Finland's national public broadcasting company, YLE, operates four television channels which broadcast approximately 20,000 hours of TV programming every year—and nearly 10,000 hours are self-produced.
In order to manage such a massive amount of media, the company needed to transition away from a tape-based workflow and replace a disparate array of editing systems across its production campuses. YLE chose a complete Avid end-to-end workflow, built upon the Avid MediaCentral platform, with leveraging solutions based on the Avid Everywhere strategic vision for the future of the media industry. Avid’s powerful media management and shared storage solutions enabled YLE to streamline its workflow, improve production processes, and maximize the value of its media assets.
Moving to the digital world
Every year, YLE produces a wide range of programming—from dramas, documentaries, current affairs, and educational programming to over 2,000 hours of TV news. Production work takes place across multiple campuses, and with each location using different editing equipment and a large number of linear, tape-based workflows, YLE needed to bring its media production into a more manageable environment.
Now, our journalists can ingest, preview and pre-edit their own material and take more control over it.
Timo Salonen, Head of Technology TV, YLE
“The day of tapes was fast coming to an end and it was time to make our move into the digital world,” explains Timo Salonen, Head of Technology TV at YLE. “So, given the high volume of productions, including many made on a tight weekly schedule, we wanted to maximize process efficiency and productivity while improving the quality of our output.”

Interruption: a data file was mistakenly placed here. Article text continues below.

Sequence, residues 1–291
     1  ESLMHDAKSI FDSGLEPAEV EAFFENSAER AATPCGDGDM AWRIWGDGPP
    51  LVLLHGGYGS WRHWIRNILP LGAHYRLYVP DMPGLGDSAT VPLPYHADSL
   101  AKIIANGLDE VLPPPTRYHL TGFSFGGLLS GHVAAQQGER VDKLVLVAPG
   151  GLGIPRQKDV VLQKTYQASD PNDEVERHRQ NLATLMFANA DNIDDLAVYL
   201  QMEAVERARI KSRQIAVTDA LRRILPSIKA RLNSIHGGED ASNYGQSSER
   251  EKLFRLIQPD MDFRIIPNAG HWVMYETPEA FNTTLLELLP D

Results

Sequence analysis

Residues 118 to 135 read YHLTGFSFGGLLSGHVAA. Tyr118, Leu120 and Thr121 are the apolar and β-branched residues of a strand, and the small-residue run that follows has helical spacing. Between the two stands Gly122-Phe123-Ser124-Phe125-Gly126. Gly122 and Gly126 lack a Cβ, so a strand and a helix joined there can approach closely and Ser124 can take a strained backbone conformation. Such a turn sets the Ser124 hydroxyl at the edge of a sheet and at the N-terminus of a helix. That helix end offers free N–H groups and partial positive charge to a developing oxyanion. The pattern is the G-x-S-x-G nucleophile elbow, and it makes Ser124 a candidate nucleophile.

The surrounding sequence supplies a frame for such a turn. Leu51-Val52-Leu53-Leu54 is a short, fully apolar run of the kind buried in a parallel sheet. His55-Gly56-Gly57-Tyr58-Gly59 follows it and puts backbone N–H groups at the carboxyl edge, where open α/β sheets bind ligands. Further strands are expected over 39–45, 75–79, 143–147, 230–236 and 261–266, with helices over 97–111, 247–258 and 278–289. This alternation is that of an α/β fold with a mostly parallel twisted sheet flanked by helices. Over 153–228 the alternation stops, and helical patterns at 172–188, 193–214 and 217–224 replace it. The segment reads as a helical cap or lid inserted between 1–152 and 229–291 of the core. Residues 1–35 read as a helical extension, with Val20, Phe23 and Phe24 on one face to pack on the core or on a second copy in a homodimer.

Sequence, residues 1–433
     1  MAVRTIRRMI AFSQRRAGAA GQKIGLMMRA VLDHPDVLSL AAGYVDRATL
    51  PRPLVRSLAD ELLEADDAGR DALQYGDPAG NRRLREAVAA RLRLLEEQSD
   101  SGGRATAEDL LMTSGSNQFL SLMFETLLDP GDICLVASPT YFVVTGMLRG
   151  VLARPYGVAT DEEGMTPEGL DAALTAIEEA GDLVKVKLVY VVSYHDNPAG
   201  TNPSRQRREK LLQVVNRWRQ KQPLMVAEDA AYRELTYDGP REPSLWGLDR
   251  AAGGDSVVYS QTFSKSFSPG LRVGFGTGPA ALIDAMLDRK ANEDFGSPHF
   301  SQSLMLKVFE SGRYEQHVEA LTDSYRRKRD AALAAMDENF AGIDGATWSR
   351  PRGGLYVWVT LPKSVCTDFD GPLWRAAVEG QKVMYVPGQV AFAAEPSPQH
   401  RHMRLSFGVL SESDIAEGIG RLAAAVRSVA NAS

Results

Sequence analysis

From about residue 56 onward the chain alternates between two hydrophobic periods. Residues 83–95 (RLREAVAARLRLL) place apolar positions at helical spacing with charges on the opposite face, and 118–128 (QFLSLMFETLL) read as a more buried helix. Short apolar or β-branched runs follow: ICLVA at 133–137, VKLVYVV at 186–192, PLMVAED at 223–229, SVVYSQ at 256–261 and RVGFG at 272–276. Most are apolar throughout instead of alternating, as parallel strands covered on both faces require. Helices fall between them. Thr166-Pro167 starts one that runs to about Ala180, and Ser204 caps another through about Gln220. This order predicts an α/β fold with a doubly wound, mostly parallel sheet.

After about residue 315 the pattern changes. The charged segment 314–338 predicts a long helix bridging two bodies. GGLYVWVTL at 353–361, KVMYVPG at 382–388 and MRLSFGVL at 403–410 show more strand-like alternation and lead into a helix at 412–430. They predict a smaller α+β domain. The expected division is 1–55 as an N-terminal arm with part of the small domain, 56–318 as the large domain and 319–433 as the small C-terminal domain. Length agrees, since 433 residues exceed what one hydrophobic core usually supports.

The broadcaster implemented an end-to-end Avid media management workflow at all of its production campuses. Thanks to Interplay | Production, and ISIS shared storage, YLE now benefits from the smooth integration and rich functionality of a single-vendor solution. With assets centrally stored in the Avid system, the entire production process—from ingest to transmission and archive—is not only faster and more efficient, but everyone involved in the editing process has rapid, simultaneous access to media content. Multiple users can even edit concurrently, enabling journalists to take greater responsibility for producing their own news output.
“This freed YLE from having to use so many specialist editors,” comments Salonen. “Now, our journalists can ingest, preview and pre-edit their own material and take more control over it.”
Establishing a digital archive
In addition to Interplay | Production, YLE implemented an enterprise-wide Interplay | MAM (Media Asset Management) system, spanning TV, radio and new media productions, which provides the broadcaster with a scalable and unified platform to store, search, re-use and re-purpose its archive of audiovisual content. Interplay | MAM also stores digital programming that YLE acquires from other broadcasters, Finnish subtitles for all non-Finnish programs, and program subtitles for hearing-impaired viewers. Currently, YLE is in the processes of digitizing material dating back to the 1960s.
“It's much easier to make historical programs, which are very popular at the moment as people are feeling nostalgic for the past,” Salonen explains. “When we want to add background pictures or old video clips to new programs, we can now retrieve them much more efficiently than when they were stored on tape or disk. We can also publish a digital archive on the Internet for viewing and listening by anyone, anytime.”
Salonen looks forward to an even closer and more robust implementation of Interplay | MAM in the future. For YLE, this will enable simultaneous searching across both current and historical assets. "Our local Avid team is very proactive,” says Salonen, “always putting forward new ideas and technology developments to help us optimize our programming output.”